Bob Amster

If we have been watching carefully, there has been a significant amount of innovation under these circumstances but only on the part of some — not all, not many — retailers. In fact, some of the nuances they have instituted would not have been implemented without significant ROI studies, or dismissed out of hand. There is no one answer to this question. One of our colleagues calls this behavior the difference between leaders and laggards.

Adrian Weidmann

2020 has been a year of time compression for many disciplines. I was engaged by Dairy Queen several years ago and part of that engagement was to design what the Dairy Queen shopping experience would be seven to 10 years in the future. In speaking with my client at Dairy Queen during this past year, she stated that many of the experiences we projected would take seven to 10 years to adopt and implement have taken seven to 10 months! It took a microbe to force cultural and behavioral change – forced innovation. Every sector of our economy should take heed — have the guts to innovate or become a footnote in the pages of retail history.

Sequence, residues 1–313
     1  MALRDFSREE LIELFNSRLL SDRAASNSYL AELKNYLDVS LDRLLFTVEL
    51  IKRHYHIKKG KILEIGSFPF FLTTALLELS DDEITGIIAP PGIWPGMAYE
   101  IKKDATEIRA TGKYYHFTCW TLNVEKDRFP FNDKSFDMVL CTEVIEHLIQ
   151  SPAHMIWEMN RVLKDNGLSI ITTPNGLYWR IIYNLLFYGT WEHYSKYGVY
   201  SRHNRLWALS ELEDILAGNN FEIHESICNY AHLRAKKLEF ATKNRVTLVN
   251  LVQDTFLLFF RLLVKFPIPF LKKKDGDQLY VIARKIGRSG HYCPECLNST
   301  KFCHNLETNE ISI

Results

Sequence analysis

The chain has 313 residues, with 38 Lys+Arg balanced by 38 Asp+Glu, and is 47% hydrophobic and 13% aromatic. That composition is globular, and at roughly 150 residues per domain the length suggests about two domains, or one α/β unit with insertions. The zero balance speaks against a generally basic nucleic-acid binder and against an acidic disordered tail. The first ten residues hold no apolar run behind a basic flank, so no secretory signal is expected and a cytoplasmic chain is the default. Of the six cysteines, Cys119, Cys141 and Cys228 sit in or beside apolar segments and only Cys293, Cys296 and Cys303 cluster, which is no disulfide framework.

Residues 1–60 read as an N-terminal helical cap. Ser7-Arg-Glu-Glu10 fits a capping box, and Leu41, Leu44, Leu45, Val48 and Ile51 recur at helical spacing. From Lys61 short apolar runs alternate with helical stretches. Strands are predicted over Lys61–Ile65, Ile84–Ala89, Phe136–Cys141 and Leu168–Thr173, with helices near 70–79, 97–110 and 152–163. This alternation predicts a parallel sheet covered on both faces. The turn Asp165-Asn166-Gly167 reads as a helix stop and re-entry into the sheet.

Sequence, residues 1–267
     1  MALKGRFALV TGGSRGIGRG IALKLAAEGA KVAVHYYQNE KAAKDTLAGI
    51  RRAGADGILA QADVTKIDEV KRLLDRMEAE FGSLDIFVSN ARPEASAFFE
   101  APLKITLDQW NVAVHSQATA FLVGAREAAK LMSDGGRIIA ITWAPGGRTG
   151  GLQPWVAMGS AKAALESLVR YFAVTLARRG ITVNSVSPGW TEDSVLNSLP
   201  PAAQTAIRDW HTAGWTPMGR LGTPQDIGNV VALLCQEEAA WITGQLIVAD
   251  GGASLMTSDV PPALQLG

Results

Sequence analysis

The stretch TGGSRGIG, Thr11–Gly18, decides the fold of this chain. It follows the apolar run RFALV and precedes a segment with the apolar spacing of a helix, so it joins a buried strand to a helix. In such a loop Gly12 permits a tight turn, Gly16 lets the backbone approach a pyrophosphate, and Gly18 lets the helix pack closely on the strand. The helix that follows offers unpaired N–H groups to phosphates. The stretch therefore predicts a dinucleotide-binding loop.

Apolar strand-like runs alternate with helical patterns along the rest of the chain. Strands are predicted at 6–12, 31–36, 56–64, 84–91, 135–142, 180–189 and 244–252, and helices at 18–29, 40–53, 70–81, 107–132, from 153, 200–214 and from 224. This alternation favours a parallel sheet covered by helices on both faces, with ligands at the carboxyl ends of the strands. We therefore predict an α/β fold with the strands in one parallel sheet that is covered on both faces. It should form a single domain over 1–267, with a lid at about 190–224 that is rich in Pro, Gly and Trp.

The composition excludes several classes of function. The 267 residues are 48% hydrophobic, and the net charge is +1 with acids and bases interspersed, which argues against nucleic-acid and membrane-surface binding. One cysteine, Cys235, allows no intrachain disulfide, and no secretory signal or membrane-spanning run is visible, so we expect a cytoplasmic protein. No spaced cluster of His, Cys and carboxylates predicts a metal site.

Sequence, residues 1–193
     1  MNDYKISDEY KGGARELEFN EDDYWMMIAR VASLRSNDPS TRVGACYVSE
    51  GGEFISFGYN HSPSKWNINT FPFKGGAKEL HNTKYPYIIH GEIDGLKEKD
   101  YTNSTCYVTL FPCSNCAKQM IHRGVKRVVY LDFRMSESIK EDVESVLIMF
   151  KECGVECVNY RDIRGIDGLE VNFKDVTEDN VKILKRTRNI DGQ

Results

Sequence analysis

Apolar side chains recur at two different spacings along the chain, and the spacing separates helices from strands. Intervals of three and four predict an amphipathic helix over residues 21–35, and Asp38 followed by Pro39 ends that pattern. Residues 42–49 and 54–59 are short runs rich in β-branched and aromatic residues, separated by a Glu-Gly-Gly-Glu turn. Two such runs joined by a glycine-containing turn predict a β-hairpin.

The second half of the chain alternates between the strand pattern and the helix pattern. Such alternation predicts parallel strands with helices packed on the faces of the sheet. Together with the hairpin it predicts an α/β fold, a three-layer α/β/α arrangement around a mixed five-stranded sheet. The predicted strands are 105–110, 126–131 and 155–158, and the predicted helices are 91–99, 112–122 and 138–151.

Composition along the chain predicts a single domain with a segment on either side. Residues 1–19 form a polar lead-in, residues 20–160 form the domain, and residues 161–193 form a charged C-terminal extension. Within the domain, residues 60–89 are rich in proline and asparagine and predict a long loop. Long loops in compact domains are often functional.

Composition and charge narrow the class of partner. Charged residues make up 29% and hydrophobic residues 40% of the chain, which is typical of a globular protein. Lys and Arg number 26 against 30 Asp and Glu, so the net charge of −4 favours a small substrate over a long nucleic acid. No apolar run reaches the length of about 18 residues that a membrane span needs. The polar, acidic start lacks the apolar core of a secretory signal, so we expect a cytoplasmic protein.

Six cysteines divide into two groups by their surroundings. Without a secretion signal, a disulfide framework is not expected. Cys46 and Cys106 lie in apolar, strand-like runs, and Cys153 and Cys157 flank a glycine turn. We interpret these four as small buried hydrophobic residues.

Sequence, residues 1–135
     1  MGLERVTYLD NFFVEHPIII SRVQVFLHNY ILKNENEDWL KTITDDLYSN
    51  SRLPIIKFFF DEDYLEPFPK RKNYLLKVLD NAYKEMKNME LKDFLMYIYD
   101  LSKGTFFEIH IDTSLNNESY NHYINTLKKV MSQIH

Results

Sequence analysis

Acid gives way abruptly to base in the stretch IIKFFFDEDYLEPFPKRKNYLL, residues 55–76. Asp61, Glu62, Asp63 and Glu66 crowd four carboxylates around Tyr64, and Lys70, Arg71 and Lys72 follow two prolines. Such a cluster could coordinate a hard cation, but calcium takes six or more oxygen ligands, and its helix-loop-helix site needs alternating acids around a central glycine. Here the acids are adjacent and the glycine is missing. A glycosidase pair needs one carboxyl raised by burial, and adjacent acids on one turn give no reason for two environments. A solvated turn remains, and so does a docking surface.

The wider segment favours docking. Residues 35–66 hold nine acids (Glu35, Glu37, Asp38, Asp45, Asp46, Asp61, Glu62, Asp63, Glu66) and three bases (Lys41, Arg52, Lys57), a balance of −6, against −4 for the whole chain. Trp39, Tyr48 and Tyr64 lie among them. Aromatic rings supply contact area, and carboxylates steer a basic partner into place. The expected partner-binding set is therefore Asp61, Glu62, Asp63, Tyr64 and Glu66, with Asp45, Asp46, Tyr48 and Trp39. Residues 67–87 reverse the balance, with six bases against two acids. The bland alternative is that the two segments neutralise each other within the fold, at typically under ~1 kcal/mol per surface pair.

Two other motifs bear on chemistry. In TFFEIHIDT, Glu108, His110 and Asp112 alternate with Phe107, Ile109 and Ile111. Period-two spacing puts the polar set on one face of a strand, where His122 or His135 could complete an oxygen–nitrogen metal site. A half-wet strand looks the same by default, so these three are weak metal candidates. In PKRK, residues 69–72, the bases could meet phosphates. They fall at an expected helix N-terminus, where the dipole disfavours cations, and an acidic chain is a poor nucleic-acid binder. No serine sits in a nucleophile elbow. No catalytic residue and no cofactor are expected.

Dave Wendland

Thanks for sharing this, Adrian. We all know of operations that have moved and adapted at “warp speed” over the past year … and those are indeed the ones that will remain.

Chuck Ehredt